Democratic reforms limit the power of the capitalists and increase the rights and ability to mobilise the working class and its allies. Thus we fight, for example, for the repeal of all anti-trade union legislation, racist immigration laws and other forms of repressive and discriminatory legislation.
We support the abolition of the House of Lords, votes for 16-year-olds, and a socialist independent Scotland, if that is what the people of Scotland (or other countries) want. And, we support democratic reform of the legal system – for example the right to legal aid and the election of judges.
(b) Using democratic rights.
Marxists attempt to utilise every possible avenue to get their ideas across to recruit people to the struggle against the bosses and the fight for socialism. We have stood candidates in both general and local elections to convince people of the need for socialism and also to organise a fightback now to maintain the living standards of the working class.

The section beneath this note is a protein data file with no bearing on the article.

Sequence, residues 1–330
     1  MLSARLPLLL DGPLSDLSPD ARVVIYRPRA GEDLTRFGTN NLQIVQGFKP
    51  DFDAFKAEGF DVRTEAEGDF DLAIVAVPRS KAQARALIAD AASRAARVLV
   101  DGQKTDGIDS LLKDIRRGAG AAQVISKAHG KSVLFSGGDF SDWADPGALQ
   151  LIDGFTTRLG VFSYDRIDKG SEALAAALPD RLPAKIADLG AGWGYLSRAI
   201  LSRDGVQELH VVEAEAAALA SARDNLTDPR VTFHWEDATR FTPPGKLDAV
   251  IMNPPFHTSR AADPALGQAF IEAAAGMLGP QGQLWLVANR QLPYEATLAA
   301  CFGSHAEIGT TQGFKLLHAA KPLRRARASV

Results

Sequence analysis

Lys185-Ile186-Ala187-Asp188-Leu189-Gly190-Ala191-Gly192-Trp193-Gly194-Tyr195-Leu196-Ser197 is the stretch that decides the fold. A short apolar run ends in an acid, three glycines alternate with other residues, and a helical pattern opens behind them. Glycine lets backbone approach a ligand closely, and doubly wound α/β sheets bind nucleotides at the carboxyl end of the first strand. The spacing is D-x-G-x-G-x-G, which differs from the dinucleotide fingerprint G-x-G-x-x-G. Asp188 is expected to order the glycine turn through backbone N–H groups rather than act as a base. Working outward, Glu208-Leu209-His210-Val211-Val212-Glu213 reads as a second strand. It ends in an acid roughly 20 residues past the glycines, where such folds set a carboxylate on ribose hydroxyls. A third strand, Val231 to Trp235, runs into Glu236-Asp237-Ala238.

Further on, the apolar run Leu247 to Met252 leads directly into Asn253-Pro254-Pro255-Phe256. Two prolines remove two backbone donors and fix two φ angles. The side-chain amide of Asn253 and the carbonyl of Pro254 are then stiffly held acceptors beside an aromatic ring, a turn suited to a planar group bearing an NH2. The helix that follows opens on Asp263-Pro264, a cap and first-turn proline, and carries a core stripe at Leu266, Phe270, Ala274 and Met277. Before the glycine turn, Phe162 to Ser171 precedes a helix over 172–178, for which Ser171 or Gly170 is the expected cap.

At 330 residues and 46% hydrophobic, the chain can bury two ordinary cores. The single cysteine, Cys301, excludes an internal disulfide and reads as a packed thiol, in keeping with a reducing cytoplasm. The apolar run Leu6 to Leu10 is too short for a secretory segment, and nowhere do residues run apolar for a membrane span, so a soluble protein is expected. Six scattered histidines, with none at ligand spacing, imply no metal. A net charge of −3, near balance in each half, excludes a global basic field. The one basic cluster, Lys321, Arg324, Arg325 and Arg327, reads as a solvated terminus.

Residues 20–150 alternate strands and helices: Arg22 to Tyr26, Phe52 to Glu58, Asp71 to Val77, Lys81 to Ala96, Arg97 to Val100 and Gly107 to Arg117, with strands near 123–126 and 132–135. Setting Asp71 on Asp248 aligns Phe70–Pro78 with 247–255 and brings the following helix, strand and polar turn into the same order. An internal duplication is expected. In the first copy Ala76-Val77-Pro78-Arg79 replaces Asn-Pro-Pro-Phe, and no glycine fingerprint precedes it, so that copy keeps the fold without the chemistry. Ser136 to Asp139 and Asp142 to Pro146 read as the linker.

(c) Undermining the repressive apparatuses of the state
We demand the total abolition of the secret police – Ml5 and the Special Branch. We also raise the demand of the abolition of specialist police units like the riot squad, whose function is to attack legitimate protests. We also call for an end to the racist police harassment meted out by use of stop and search powers.
These democratic demands correspond to the increasingly radicalised consciousness of wide sections of more advanced workers and youth.
However, despite our understanding of their objective role, simple demands for the abolition of the police and army would be out of line with the consciousness of many amongst the advanced layers. We attempt therefore to raise demands which are not too in advance of current consciousness but which seek to reveal and undermine the state’s repressive function.